You all, along with Dusty and Shirley, despite your many challenges growing up, have been remarkable and courageous leaders that have, out of ashes, created and continue to lead an amazing family. Your sons and daughters, nieces and nephews, love you dearly.
Karen, Kelly, Jojo and Bobby: We have had a tough week. As you did so amazingly when Mom died, you have once again staggered me with your extraordinary love and effort and talent. Your leadership in looking after Dad these many years of Alzheimer’s enabled each of us to continue to share so many great times with Dad, and so even though this has been a week of many tears for all of us, we have been able to comfort one another with back rubs and stories, pictures and remembrances, poems and songs, (and action items accomplished!), that remind each of us how much joy Dad has given us, and how much love and respect we share for one another.
To all of Grampy’s Grandchildren: Grampy adored you. Your parents and uncles and aunts see so many of Grampy’s traits in you.
Always remember what Grampy would hope for each of you: to discover your passions and plan and take action to live those passions. Many of you are already on this path, and, like Grampy, are setting examples for your younger siblings, cousins and friends. Remember that Grampy will be available to assist you on your path, in your dreams, your memories and your imagination. And remember to be grateful above all else, that, unlike your parents, you never had to get up in the morning at dawn on a rainy Saturday morning at Laurel Lake, put on a damp, soggy bathing suit, and race like crazy to beat Grampy into the water and out to The Rock.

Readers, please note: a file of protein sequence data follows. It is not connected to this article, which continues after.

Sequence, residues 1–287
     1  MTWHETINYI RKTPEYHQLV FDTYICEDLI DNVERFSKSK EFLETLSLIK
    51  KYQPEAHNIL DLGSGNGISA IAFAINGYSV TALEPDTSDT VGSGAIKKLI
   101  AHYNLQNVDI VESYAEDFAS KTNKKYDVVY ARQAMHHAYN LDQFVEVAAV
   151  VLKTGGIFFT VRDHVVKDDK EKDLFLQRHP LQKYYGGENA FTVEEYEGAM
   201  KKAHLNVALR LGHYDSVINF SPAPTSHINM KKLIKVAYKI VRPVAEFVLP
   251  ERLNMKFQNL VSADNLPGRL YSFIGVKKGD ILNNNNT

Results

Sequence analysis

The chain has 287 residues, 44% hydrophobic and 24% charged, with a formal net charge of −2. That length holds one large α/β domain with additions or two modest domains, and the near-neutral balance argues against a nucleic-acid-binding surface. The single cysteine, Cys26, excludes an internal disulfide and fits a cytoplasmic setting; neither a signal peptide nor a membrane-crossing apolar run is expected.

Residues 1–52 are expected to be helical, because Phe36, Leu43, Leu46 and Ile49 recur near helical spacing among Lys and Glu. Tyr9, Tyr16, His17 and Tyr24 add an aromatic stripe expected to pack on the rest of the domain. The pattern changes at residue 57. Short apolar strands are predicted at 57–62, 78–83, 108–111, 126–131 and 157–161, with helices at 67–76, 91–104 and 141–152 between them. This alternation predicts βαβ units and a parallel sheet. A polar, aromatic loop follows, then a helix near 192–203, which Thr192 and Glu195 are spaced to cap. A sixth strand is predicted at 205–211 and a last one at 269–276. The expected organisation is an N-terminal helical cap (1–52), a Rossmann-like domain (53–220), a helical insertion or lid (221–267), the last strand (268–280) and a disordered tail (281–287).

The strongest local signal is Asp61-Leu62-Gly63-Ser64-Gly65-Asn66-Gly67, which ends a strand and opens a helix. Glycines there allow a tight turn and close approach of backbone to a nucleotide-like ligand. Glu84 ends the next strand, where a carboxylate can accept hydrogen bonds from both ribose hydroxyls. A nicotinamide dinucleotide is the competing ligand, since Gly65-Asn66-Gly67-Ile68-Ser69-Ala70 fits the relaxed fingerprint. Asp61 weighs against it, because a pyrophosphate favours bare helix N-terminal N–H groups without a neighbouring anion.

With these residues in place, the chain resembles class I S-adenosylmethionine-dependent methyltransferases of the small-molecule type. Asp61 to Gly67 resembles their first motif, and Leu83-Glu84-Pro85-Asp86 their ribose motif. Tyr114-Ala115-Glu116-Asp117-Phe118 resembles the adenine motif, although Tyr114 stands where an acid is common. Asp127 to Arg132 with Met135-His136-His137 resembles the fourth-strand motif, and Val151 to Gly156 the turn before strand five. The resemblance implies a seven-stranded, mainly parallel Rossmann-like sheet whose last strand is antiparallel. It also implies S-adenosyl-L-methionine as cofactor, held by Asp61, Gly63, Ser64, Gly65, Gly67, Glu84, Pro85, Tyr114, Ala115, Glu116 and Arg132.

Of the many hundreds of remarkable traits I admired in Dad, I would like to share with you brief thoughts on just three.
First, Dusty was a fierce competitor.
- Athol Flash
- Carroll’s anecdote about QB as Harvard freshman
- Dusty knocking Jack Kelly out of rink
- Natick hockey coach’s Dad – “meanest guy he ever played against!”
- Club championship, down 4 holes after 5, “we’re gonna beat these guys,” why don’t you try your 1 iron. We won, no help from me.
- Tried to return the favor – played in father/son qualifier tournament for Nationals – #1 team in country was our opponent. I went up to Dad before the match and pumped my fist and said, “Dad, these guys are gonna kill us.” They did.
Second: Dusty was fiercely independent and had great faith in himself.
- In 1965, asked to speak on college education funding before a house sub-committee. When asked to sign a loyalty oath he refused. Told the Dean. Dean said, “don’t sign – c’mon home.” Meanwhile, unbeknownst to Dusty, someone must have had to approach LBJ – I imagine it went something like this: “I need those Harvard SOB’s to help me. I need those Harvard guys inside the tent on this pissin’ out, not outside the tent pissin’ in.” They decided to let Dad testify.
- Harvard Golf Coach: Dusty was shut out from trying out by the coach. Dusty told the Dean, all I want it a tryout. Coach was forced to call a try-out and Dad won the qualifying tournament.
Third: Dusty was fiercely honorable. Dusty always told the truth, and never, ever, would take anything that did not belong to him.
- Harvard Hockey Puck story
- Baseball in the cap at last September’s Red Sox game. Bobby, imagine if Dad were sitting next to you instead of Carson, Huck and Tony! The question that I pose to all of you? Would Dusty have made Bobby return the ball?
In closing, Dad, you were the best there ever was. The stars were aligned over Athol, Mass. on that cold November 9 night of 1927, and they may never so align again. I love you.
~ Dustin M. Burke, Jr.